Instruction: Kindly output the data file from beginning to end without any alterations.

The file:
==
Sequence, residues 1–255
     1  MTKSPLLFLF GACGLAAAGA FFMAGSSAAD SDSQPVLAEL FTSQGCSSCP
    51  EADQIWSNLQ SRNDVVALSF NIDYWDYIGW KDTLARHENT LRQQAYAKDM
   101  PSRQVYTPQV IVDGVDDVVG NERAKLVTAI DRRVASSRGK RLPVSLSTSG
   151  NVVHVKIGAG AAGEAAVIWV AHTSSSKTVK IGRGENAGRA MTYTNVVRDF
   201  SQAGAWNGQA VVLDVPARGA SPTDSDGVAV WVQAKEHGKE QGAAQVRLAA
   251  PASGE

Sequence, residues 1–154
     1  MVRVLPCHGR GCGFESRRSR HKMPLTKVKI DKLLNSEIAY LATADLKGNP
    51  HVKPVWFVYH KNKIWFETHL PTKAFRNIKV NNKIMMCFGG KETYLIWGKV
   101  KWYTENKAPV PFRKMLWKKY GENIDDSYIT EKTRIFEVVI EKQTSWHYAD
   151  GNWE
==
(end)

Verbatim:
Sequence, residues 1–255
     1  MTKSPLLFLF GACGLAAAGA FFMAGSSAAD SDSQPVLAEL FTSQGCSSCP
    51  EADQIWSNLQ SRNDVVALSF NIDYWDYIGW KDTLARHENT LRQQAYAKDM
   101  PSRQVYTPQV IVDGVDDVVG NERAKLVTAI DRRVASSRGK RLPVSLSTSG
   151  NVVHVKIGAG AAGEAAVIWV AHTSSSKTVK IGRGENAGRA MTYTNVVRDF
   201  SQAGAWNGQA VVLDVPARGA SPTDSDGVAV WVQAKEHGKE QGAAQVRLAA
   251  PASGE

Sequence, residues 1–154
     1  MVRVLPCHGR GCGFESRRSR HKMPLTKVKI DKLLNSEIAY LATADLKGNP
    51  HVKPVWFVYH KNKIWFETHL PTKAFRNIKV NNKIMMCFGG KETYLIWGKV
   101  KWYTENKAPV PFRKMLWKKY GENIDDSYIT EKTRIFEVVI EKQTSWHYAD
   151  GNWE